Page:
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A few computers, but not most, are rejecting the SSL certificate from my webserver. The problem seems to be that some computers are rejecting the CA certs. The problem seems to be manifesting on Mac OS X 10.6 when it is not fully updated.

According to http://www.sslshopper.com/index.php?q=ssl-checker.html#hostname=beta.asana.com -- there's no problem.

According to http://certlogik.com/sslchecker/, there's no intermediate certs being sent down.

My cert is from Starfield Technologies, and I'm using sf_bundle.crt from here: certs.godaddy.com/anonymous/repository.seam

I'm handling SSL on my server via stunnel with the following stunnel.conf:

cert = $CODEZ/admin/production/proxy/asana.pem
CAfile = $CODEZ/admin/production/proxy/sf_bundle.crt
pid =
client = no

[<forwarded port>]
accept = 443
connect = 8443

Any ideas what I could be doing wrong?

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3 Answers 3

up vote 15 down vote accepted

The CAFile option configures a CA to use for client authentication certificates; this isn't what you want.

Instead, you want to craft the file in the cert option to contain the entire applicable certificate chain. You'll want to save a backup copy of that file, then make a new one; basically combining the two files, formatted like this:

-----BEGIN CERTIFICATE-----
(certificate from asana.pem file pasted here)
-----END CERTIFICATE-----
-----BEGIN CERTIFICATE-----
(intermediate certificate here; copy-paste the top chunk from the bundle)
-----END CERTIFICATE-----
-----BEGIN CERTIFICATE-----
(root certificate here; copy-paste the bottom chunk from the bundle)
-----END CERTIFICATE-----

This will force stunnel to present the full certificate chain to clients.

One further tidbit; the openssl s_client command is very useful for testing certificate chain issues and checking how your service is presenting its certificates.

Edit: Ok.. that certificate bundle's chain is three-deep, but the trust chain looks two-deep. Something's not right.

The top certificate ("Starfield Secure Certification Authority") is signed by an issuer named "Starfield Class 2 Certification Authority" with a thumbprint starting with ad7e1c28.. but the second cert in the bundle, named exactly the same as the first cert's signer, which should be the exact same certificate, has a thumbprint starting with 363e4734, and an expiration date 10 years earlier. Then the third (root) cert is the signer of the included intermediate cert.. but neither of those two has any relation to the first one!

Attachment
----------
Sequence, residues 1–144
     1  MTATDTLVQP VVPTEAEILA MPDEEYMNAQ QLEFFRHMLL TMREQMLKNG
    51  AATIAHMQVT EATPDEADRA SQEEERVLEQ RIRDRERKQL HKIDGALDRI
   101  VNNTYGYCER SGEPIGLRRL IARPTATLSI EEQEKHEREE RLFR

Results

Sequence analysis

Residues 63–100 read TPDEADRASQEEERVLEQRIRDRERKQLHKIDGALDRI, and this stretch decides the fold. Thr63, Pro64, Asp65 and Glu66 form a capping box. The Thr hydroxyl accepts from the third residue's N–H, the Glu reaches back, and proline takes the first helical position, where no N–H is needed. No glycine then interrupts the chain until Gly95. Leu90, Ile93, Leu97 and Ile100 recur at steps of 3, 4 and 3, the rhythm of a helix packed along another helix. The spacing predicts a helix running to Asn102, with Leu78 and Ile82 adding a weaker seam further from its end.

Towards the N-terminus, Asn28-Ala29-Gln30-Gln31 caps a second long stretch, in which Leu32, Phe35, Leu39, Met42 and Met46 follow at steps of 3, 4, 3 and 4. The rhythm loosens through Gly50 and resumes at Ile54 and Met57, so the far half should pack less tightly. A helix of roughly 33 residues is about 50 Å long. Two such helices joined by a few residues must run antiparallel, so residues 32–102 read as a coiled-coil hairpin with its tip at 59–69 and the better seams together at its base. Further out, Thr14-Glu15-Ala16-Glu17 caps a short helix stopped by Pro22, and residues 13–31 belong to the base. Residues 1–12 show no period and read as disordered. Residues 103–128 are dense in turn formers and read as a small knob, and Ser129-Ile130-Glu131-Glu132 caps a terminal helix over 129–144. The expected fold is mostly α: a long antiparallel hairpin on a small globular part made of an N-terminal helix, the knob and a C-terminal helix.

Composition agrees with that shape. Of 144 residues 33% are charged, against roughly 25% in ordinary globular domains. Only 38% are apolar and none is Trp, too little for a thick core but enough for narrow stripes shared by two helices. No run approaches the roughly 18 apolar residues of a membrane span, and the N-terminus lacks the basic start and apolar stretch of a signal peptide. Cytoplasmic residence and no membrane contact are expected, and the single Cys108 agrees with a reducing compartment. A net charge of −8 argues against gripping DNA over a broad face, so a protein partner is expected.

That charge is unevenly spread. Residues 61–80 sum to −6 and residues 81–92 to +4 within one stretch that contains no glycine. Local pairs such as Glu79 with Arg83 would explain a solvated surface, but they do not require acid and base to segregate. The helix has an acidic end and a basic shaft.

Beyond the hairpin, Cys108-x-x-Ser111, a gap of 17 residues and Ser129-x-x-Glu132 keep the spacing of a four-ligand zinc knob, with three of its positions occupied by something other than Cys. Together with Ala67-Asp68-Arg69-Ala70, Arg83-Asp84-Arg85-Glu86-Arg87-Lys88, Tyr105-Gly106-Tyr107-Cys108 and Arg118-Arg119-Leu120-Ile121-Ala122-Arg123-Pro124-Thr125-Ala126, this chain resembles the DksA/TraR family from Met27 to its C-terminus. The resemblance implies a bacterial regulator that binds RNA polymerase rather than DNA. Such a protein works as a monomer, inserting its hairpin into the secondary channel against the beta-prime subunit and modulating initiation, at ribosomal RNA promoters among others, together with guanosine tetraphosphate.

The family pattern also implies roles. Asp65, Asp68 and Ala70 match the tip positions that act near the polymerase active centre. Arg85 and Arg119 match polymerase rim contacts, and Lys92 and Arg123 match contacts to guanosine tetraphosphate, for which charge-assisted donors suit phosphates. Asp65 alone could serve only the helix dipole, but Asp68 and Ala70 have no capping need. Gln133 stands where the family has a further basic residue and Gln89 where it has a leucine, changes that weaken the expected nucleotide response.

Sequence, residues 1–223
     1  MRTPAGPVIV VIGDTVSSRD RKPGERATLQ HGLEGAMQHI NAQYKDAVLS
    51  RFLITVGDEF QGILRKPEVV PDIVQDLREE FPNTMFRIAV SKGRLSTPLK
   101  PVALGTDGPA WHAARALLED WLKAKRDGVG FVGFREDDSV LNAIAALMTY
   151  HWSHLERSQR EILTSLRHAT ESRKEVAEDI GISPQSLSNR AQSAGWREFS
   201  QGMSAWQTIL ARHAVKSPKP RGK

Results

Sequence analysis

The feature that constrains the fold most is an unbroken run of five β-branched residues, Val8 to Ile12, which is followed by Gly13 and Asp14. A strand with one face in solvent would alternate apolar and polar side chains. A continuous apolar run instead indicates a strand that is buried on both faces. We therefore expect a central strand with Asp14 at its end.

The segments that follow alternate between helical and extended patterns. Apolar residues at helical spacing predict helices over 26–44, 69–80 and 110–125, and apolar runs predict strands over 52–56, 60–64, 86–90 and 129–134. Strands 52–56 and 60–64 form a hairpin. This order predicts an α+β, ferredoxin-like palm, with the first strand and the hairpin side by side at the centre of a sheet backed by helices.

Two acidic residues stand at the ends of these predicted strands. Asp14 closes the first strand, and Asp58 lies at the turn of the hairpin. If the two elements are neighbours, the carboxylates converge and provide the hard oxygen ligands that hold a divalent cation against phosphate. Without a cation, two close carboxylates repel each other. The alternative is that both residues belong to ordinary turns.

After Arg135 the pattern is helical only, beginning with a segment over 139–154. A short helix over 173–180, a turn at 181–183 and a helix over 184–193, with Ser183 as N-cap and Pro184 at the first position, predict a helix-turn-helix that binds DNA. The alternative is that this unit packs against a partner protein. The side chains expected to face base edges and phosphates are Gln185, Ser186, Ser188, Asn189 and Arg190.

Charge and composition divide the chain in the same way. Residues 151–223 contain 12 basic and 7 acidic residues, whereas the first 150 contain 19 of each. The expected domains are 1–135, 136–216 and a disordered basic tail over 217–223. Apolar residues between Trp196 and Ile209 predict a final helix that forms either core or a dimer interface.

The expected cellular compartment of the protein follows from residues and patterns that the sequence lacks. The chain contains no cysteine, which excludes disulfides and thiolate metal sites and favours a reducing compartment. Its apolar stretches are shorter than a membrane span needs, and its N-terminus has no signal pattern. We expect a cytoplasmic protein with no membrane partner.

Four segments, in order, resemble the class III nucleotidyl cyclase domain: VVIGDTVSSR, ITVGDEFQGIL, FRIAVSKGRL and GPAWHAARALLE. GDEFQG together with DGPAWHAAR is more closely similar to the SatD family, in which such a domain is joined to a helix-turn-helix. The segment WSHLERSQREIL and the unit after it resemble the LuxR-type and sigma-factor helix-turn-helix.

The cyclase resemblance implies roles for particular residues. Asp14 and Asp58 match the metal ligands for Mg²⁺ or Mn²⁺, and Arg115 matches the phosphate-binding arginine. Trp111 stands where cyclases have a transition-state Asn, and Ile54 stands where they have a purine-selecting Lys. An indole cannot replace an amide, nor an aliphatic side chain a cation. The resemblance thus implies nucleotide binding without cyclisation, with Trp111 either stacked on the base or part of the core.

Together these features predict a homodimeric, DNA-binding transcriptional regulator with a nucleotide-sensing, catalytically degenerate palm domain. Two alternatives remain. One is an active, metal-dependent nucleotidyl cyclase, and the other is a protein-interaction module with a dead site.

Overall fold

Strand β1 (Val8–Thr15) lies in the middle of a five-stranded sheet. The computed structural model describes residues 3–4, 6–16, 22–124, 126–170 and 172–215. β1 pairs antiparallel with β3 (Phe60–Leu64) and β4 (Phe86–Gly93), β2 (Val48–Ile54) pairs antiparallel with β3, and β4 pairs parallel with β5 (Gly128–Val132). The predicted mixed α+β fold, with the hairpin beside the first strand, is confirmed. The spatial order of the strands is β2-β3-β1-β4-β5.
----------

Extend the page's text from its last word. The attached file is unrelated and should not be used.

If that didn't make sense, don't worry. Summary: sloppy work, someone seriously dropped the ball building this cert bundle. Your best bet, then, is to export the files in base-64 format from a browser that's successfully validating the chain, pasting them into the format that I listed from there.

Since that's a confusing mess through no fault of your own, I took a guess at your DNS name and grabbed the cert, and I think this should be the full chain you need: http://pastebin.com/Lnr3WHc8

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Thanks this was super useful! I can't upvote because I don't have the rep points, but I would :-) –  Jack Stahl Apr 1 '11 at 22:33
    
@Jack If your problem is resolved, you're able to accept the answer even with low rep. I've edited the post to clarify that the cert bundle they've provided is screwed up.. and since it's such a mess, I went ahead and threw together the full chain for you. –  Shane Madden Apr 1 '11 at 22:41
    
Thanks Shane. Accepted! –  Jack Stahl Apr 2 '11 at 0:42

Qualys SSLLabs is really handy for checking your configuration after changes.

https://www.ssllabs.com/ssldb/analyze.html

Checks that you've got

  • strong ciphers enabled
  • weak ciphers disabled
  • the certificate chain complete and in the correct order
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For anyone else facing this problem, Shane's post did the trick, although I also had to include the CAFile. Also when creating the chain, make sure you follow the file naming instructions as per this article

To determine the filename you should use, you can use the c_hash program that comes with OpenSSL (in the /usr/local/ssl/misc directory):

c_hash some_certificate.pem
a4644b49.0 => some_certificate.pem

So, in the above case you'd rename the file to a4644b49.0.
(Note that is a zero, not the letter 'O', after the dot in the filename.)

If you do not have the c_hash program you can run the appropriate OpenSSL command to determine the hash value:

openssl x509 -hash -noout -in some_certificate.pem
a4644b49

And if you're facing this problem bc you're trying to use websockets with android cordova, be sure to manually add wss to your cordova-whitelist stuff, as the * only includes http and https.

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The article you link to has a big red banner at the top of it that reads This page depreciated, are you sure that this information is correct, as in supported—or as-things-should-be-done, at the time of this writing? –  austinian 2 days ago
1  
Positive, at least just for the part quoted. stunnel will chuck a wobbly unless you name the certificate chain as the hash of the file. –  BrightEyed 2 days ago
    
Also, appending the .0 wasn't required for us. Thanks for the spelling fix btw, chucked the post up after a looooong night ;D –  BrightEyed 2 days ago
    
Awesome, glad to hear the verification. I understand, I'm on my 3rd long day in a row now. (11, then 14 hours, today may be another 14 hours.) –  austinian yesterday
    
Eeesh, living the IT dream :D –  BrightEyed yesterday

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